In the 1880's there was a return to famine conditions in this area. Bad harvests made the payments of rent impossible and there were many evictions. Successive curates like Fr Colleran stood resolutely by the tenants all during the Land War. The Eviction Cottage at Elmhall vividly recalls this difficult time.
In 1888 John Blowick was baptised in this church. He went on to become the co-founder of the Maynooyh Mission to China, later to become known as the Columban Society. Fr. Blowick is acknowledged as one of the chief architects of Ireland's modern missionary movement.
After the convulsions of the War of Independence and the Civil War which followed times were very difficult. There was a lot of poverty and mass emigration. We lost almost an entire generation to the emigrant ship.
In the early 1940's Belcarra National School was burned to the ground. This was situated where the basketball court now stands. A new school was built and officially opened in 1948 by Belcarra man Joseph Blowick (brother of Fr. John) who was Minister for Lands at the time.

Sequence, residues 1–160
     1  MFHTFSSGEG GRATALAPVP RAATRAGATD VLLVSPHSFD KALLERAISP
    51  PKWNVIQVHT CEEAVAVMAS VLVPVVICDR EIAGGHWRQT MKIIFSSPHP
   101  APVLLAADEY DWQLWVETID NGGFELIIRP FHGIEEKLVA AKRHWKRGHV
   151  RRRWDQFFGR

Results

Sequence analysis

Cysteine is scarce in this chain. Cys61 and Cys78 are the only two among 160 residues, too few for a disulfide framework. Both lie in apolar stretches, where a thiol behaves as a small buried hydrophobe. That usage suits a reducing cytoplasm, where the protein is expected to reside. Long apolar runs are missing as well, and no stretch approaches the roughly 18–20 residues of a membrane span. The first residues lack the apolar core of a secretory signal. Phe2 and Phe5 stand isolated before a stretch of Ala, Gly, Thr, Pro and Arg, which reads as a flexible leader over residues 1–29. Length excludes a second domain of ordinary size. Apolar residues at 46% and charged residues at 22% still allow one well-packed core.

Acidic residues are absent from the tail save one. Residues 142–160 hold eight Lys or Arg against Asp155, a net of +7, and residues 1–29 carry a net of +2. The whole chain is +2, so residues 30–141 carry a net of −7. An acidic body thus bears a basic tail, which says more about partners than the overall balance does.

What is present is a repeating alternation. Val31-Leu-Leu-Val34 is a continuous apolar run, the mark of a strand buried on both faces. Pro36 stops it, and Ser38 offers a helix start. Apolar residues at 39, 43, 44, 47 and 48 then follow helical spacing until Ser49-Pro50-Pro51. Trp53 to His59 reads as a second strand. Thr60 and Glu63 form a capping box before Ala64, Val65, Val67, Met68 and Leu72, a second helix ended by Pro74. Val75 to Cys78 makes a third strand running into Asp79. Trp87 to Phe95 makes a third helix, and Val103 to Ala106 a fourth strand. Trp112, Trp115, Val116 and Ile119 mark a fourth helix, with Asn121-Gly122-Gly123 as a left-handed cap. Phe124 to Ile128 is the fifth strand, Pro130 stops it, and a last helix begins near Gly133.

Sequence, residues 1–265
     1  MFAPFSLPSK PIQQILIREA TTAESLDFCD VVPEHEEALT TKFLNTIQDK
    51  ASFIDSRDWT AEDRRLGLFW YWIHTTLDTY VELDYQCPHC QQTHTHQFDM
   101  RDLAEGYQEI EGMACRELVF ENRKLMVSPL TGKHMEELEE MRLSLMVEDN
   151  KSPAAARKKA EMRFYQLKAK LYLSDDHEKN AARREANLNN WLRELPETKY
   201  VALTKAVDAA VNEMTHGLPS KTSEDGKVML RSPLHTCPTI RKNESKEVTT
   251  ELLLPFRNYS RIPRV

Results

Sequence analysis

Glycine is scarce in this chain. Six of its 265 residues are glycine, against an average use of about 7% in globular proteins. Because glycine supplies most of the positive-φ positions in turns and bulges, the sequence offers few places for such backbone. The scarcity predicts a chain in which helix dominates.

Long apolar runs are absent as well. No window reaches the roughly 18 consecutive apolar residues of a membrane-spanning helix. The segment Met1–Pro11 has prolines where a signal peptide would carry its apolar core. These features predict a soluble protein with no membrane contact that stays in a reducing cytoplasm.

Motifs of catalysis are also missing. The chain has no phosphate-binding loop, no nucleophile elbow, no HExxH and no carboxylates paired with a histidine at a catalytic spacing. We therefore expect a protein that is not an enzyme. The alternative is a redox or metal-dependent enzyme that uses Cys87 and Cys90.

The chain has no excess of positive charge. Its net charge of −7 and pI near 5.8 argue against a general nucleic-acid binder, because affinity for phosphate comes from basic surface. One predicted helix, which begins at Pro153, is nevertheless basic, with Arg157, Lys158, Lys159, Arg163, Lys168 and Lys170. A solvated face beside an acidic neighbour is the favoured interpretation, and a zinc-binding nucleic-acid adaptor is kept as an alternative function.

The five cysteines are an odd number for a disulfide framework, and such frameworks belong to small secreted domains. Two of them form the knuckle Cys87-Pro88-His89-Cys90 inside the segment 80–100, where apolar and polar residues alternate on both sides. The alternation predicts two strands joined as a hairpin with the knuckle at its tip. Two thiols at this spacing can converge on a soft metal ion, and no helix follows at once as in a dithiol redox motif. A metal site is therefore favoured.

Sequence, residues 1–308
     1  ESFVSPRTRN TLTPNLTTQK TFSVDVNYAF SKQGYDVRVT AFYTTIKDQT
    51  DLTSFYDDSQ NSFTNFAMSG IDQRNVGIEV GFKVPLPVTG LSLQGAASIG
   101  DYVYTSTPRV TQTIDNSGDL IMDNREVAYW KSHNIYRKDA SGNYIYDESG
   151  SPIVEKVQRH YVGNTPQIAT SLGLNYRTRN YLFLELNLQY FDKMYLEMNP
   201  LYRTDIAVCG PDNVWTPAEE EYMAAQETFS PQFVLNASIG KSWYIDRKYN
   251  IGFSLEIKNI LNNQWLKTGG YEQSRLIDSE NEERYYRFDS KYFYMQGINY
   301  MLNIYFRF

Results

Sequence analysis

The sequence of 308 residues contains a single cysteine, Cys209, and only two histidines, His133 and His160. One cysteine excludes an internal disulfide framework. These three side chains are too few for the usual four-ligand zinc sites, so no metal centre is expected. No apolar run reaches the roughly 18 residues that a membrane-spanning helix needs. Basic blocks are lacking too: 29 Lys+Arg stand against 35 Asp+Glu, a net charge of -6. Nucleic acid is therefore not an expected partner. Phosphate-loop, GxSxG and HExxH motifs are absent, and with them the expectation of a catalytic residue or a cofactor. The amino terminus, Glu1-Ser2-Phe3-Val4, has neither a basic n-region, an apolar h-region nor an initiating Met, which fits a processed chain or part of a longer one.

Belcarra church served its priests and people well into this century. In 1943 a fine new bell was added. Weighing one ton, it was erected on four cast iron pillars just outside the main door of the church. At that time as well as being rung for the Angelus and daily Mass it was rung twice for each Mass on Sunday morning.
The first bell went half an hour before Mass began, the second bell rang five minutes before Mass.It was common to hear people rushing towards the church saying, "The last bell has gone!". The sound of the bell carried for miles across the countryside.
In 1961 Fr. William Walsh was curate in Belcarra and it was his task to oversee the renovation of the church. It was a major undertaking and much fundraising had to be done. An initial levy of £30, payable in three installments of £10 each, was put on each house in the Belcarra area. The men of the area gave a great deal of voluntary labour and much work was done building walls and preparing the ground around the church. Local blacksmith Willie Roche did the wrought ironwork for the Baptisimal font, the stairs, the gates and railings.